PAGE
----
Not a "TEXT" Book Decision

The NCAA in its never-ending attempt to micro-manage every aspect of intercollegiate athletics is taking on modern technology. The Division One Management Council has approved a proposal from the Ivy League to ban text messaging as part of the recruiting process.

The motivation behind the ban is to protect prospective student-athletes from over burdensome contact which can actually cost them money. The ban will go into effect if it is approved by the NCAA Division One Board of Directors on April 26th.

I know they mean well, but this is a typical twenty pound solution to a five pound problem. Banning all text communication (can e-mail and instant messaging be far behind?) takes the prospect out of his or her comfort zone. If you really want to get to know a teenager you better be able to speak their "language". As the father of a 21-year-old and an 18-year-old I can tell you that these kids communicate with the most modern technology available. My younger daughter rarely gets a call on our home phone and when she does it's usually to confirm an appointment for her hair, nails or eyebrows. For her it's either My Space or Face Book, test messages or cell phone calls.

Instead of banning an effective means of communication that seems to work best for the kids involved, the NCAA should have looked at other solutions to the "problem" as it relates to potential cost and/or aggravation.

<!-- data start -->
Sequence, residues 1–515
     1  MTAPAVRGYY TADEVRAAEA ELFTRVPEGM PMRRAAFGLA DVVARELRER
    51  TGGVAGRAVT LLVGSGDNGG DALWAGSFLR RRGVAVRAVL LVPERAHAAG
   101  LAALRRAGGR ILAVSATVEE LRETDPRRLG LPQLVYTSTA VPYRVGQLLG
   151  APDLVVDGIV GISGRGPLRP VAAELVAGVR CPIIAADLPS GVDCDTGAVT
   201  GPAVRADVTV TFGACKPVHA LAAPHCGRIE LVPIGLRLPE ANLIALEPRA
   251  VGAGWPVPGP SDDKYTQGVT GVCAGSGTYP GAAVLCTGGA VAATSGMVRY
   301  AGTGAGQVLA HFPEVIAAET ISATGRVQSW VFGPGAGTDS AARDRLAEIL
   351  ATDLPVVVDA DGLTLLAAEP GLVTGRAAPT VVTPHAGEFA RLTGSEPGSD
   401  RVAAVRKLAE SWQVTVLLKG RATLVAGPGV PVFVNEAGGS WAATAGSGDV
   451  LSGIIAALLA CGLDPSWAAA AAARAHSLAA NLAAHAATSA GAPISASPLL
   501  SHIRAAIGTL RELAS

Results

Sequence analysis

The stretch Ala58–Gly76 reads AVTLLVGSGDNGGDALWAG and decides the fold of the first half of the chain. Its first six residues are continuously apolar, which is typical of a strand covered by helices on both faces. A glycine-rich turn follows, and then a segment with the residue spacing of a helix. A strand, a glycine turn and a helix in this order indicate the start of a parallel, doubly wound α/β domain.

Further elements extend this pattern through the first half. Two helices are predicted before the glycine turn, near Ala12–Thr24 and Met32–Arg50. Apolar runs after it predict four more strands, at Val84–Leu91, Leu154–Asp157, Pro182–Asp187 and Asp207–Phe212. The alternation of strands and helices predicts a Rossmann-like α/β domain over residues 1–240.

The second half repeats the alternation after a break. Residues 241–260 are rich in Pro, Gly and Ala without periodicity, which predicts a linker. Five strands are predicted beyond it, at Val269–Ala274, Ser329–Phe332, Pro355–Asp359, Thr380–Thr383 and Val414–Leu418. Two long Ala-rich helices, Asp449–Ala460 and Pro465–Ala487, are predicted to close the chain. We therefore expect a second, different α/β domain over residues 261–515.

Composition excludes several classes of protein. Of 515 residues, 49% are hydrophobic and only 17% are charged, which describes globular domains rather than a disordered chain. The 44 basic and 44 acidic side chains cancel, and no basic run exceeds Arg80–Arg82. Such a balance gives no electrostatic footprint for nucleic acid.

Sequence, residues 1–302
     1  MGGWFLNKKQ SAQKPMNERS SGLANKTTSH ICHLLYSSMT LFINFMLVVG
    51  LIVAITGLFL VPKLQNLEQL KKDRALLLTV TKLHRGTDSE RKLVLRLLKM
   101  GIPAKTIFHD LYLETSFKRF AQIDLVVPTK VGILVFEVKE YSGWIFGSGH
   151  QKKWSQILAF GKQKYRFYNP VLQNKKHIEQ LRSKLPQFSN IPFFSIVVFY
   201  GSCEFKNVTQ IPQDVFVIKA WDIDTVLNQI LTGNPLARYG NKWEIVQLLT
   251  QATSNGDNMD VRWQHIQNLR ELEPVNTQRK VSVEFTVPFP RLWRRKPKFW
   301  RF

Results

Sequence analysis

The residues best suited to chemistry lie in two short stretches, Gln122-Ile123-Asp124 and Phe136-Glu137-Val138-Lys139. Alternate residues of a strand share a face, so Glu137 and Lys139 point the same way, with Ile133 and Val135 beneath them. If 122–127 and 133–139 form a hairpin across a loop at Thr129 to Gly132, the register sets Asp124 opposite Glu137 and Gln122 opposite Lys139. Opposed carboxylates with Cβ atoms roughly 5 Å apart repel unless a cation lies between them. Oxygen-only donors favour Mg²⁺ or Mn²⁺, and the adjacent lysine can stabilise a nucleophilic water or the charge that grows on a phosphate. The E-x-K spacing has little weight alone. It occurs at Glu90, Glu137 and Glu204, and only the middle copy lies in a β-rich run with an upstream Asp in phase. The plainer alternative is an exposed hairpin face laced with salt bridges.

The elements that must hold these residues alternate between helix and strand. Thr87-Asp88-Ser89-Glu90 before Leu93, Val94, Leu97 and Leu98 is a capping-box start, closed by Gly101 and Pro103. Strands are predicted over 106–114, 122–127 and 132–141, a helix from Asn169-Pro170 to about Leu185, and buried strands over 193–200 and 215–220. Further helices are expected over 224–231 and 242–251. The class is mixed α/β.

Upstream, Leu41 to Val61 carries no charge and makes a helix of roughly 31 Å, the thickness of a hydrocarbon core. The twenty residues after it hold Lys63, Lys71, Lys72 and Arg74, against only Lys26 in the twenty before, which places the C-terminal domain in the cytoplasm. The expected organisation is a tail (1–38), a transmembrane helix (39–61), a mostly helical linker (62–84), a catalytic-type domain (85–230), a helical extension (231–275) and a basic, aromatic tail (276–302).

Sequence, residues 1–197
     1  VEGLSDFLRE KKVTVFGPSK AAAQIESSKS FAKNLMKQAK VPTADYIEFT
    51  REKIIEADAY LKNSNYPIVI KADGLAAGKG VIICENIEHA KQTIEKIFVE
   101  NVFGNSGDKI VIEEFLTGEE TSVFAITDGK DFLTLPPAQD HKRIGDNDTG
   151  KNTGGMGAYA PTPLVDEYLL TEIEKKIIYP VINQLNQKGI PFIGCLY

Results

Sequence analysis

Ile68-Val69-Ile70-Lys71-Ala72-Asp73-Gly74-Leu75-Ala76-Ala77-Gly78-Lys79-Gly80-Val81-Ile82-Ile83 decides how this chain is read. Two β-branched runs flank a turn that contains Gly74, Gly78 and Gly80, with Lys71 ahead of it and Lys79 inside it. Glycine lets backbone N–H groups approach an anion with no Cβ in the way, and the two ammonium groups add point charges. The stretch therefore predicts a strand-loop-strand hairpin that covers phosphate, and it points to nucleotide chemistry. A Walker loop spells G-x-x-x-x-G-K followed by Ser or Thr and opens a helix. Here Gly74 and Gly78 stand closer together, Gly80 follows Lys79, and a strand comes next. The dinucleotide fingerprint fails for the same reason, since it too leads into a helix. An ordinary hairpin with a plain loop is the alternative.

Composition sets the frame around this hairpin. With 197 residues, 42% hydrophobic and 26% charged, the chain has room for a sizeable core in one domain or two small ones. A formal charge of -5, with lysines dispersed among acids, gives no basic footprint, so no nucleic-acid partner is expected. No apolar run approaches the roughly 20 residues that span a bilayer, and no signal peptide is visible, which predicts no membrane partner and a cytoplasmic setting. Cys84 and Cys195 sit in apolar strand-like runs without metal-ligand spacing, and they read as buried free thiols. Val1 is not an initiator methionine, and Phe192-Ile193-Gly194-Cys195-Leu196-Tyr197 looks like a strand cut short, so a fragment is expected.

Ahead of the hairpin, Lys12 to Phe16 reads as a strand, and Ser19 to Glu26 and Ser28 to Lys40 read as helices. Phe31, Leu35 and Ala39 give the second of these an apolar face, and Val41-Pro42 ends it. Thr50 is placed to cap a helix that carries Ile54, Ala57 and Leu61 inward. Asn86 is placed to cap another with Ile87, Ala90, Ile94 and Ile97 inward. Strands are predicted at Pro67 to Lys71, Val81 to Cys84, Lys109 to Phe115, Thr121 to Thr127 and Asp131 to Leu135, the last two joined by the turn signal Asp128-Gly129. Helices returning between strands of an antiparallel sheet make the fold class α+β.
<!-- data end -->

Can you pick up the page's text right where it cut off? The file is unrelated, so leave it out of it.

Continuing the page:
Place reasonable limits ----- If its one, two or three text messages per day I really don't care. But some sort of mutually agreed upon limit would help somewhat. The problem is if you use your limit and the kids texts a coach a question he or she has to choose between being rude (not responding) and breaking a rule. Let's not do that one.

Create an opt-out system ----- This is the simplest way to do this. A school must complete a prospect profile sheet on each kid they are recruiting and on it they must have the student-athlete's permission to send text messages and/or any other form of communication. It would work along the lines of the "do not call" system we have for telemarketers and that seems to be working reasonably well.

Make the schools pay ----- All member schools would have to submit reports to the NCAA documenting who they sent text messages to and how many times. That report would include a $ .10 per text "fee" that the NCAA would then forward to individual student-athletes to defray the costs to them. This seems like a win-win way to go about it. Schools get to make the contact, but the kid doesn't have to pay for it.

Banning text messaging will only speed the transition into the newest and coolest new technology and will actually hinder the most crucial thing about recruiting a kid. Getting to know who he or she really is and whether or not they'll fit in at the school in question. As we continue to hold coaches more and more accountable for the behavior of their kids, how can we justify putting further restrictions on getting to know them in the first place?

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